Levi Coffin was born on October 28, 1798, in North Carolina. He was a Quaker, a religious group that did not believe in slavery. As a child, he and his father saw a group of slaves, and Coffin wondered how he would feel if his father were taken away from him, just like the slaves were taken away from their wives and children.
In 1826, he moved to Indiana with his wife Catharine. When they learned that they were living on a route that escaped slaves used to flee their masters, they started helping shelter them and arranging transportation to Canada and elsewhere. Because of his work, Coffin gained the nickname of "President of the Underground Railroad," and their home, the nickname of "Grand Central Station".
When asked why he helped slaves when he knew he could be arrested, Coffin explained that he "read in the Bible . . . that it was right to take in the stranger and adminster to those in distress, and that I thought it was always safe to do right. The Bible, in bidding us to feed the hungry and clothe the naked, said nothing about color, and I should try to follow out the teachings of that good book."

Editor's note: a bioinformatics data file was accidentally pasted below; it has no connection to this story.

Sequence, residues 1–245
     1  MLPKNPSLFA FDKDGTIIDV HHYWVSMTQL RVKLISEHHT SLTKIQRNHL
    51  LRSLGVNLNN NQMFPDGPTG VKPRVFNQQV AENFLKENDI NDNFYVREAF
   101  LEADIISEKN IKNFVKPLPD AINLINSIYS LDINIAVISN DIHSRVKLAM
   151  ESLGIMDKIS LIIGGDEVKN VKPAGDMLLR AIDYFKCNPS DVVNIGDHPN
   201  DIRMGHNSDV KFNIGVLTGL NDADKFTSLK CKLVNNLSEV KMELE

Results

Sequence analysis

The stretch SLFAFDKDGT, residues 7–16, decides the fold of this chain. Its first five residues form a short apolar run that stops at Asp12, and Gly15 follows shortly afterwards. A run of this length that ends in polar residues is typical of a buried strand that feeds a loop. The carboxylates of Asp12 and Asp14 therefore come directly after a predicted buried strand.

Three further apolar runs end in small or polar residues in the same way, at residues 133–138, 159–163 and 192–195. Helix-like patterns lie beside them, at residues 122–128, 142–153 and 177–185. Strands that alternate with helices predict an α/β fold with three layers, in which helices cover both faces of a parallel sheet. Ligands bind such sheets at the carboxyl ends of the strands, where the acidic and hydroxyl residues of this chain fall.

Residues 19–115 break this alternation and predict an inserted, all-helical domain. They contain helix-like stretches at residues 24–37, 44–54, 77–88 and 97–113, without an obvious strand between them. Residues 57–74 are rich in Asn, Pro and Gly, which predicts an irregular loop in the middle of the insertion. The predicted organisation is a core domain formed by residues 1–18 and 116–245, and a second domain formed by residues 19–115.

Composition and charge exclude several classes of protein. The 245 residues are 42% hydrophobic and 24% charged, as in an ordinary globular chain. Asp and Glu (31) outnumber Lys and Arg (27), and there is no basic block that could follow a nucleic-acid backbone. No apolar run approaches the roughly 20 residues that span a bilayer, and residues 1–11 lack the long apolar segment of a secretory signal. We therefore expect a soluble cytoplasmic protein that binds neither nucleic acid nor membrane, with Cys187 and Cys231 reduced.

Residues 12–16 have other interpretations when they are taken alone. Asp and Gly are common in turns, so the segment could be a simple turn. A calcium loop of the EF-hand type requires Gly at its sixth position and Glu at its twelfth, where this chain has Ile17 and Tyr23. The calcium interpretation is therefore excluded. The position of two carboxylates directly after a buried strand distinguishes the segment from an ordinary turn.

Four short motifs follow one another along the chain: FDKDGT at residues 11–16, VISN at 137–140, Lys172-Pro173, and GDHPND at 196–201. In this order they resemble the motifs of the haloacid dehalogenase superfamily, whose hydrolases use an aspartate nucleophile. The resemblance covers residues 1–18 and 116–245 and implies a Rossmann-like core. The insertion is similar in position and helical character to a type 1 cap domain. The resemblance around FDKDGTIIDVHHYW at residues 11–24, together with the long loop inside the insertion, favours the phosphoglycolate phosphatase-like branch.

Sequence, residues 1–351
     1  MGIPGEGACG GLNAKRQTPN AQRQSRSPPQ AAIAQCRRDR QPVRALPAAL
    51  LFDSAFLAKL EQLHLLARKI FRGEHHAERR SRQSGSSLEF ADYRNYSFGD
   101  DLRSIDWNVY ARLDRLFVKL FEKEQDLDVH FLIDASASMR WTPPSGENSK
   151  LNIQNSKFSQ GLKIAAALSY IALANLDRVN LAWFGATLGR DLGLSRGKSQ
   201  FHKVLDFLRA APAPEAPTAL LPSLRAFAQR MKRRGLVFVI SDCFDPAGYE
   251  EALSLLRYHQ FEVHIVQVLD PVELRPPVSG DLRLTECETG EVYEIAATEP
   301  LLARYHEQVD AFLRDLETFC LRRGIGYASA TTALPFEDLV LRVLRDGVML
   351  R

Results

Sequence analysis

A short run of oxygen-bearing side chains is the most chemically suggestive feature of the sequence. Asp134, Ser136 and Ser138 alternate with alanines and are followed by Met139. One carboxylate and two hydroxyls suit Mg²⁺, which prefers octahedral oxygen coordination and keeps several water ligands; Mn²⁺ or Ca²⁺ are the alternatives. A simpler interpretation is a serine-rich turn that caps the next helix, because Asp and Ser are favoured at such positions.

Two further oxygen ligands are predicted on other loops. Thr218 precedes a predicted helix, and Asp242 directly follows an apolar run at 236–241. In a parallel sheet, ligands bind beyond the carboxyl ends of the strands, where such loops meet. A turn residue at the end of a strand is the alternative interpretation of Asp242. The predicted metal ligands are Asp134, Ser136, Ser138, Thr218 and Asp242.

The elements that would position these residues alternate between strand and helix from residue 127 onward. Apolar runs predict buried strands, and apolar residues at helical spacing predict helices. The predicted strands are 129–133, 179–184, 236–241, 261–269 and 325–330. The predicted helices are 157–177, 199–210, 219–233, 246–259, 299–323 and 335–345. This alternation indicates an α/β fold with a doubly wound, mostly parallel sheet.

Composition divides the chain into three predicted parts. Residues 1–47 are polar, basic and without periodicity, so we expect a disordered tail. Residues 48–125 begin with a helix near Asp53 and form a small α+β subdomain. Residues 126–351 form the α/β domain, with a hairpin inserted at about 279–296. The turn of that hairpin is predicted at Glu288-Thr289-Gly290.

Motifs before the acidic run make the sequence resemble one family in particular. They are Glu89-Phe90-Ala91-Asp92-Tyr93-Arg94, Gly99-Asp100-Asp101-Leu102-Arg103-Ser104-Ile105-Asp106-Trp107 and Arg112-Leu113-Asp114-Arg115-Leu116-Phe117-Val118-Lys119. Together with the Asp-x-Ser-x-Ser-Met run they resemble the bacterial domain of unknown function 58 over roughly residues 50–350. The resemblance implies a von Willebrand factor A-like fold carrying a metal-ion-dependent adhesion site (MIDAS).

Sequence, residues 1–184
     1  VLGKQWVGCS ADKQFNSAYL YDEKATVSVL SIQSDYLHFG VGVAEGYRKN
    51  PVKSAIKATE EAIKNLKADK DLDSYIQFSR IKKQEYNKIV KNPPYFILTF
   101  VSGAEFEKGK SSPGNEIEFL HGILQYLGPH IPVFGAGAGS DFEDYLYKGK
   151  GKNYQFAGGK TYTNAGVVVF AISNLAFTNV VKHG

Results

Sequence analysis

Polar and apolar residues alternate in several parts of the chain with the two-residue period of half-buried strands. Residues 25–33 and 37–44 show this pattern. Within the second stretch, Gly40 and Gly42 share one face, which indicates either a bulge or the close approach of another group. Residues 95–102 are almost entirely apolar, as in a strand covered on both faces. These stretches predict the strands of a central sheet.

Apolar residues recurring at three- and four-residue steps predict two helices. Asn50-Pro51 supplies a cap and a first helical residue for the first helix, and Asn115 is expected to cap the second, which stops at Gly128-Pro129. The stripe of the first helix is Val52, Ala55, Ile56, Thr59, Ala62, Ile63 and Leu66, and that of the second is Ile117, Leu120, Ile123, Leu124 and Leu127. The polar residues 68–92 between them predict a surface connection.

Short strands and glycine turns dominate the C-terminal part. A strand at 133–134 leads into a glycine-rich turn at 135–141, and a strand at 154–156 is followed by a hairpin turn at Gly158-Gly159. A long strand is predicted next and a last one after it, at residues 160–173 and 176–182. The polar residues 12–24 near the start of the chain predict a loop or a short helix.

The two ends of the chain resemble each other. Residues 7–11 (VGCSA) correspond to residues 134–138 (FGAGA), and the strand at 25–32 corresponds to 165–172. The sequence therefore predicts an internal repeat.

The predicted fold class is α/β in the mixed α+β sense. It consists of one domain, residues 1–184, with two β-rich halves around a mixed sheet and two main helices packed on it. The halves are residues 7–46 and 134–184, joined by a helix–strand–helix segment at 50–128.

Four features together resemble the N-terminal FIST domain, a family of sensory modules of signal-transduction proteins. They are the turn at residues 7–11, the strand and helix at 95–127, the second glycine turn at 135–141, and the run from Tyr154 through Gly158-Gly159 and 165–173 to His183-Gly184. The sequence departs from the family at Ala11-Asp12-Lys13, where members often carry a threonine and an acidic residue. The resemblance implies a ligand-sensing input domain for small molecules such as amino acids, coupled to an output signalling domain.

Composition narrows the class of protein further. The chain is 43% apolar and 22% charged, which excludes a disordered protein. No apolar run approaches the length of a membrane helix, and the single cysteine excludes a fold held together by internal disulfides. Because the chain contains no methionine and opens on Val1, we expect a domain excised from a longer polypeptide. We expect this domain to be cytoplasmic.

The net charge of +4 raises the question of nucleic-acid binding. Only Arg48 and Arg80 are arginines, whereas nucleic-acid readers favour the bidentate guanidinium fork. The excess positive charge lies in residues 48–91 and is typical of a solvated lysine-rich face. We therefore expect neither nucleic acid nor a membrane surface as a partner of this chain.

He moved to Cincinnati in 1847. There, he opened a business that sold goods produced by free laborers. He continued his participation in the Underground Railroad. By 1850, safe houses were needed in free states as well as in slave states, because the Fugitive Slave Law allowed Southern slave owners to go to free states and reclaim their slaves. In order to gain their freedom, escaped slaves had to go all the way to Canada.
In 1876, he published his autobiography, Reminiscences of Levi Coffin, which told of his life and his activities in helping slaves. He died on September 16, 1877, in Cincinnati. Several years later, a group of African-Americans in Cincinnati, to show their appreciation for Coffin's work, erected a monument over his grave. It stands today, paying tribute to the man that ran the original "Grand Central Station".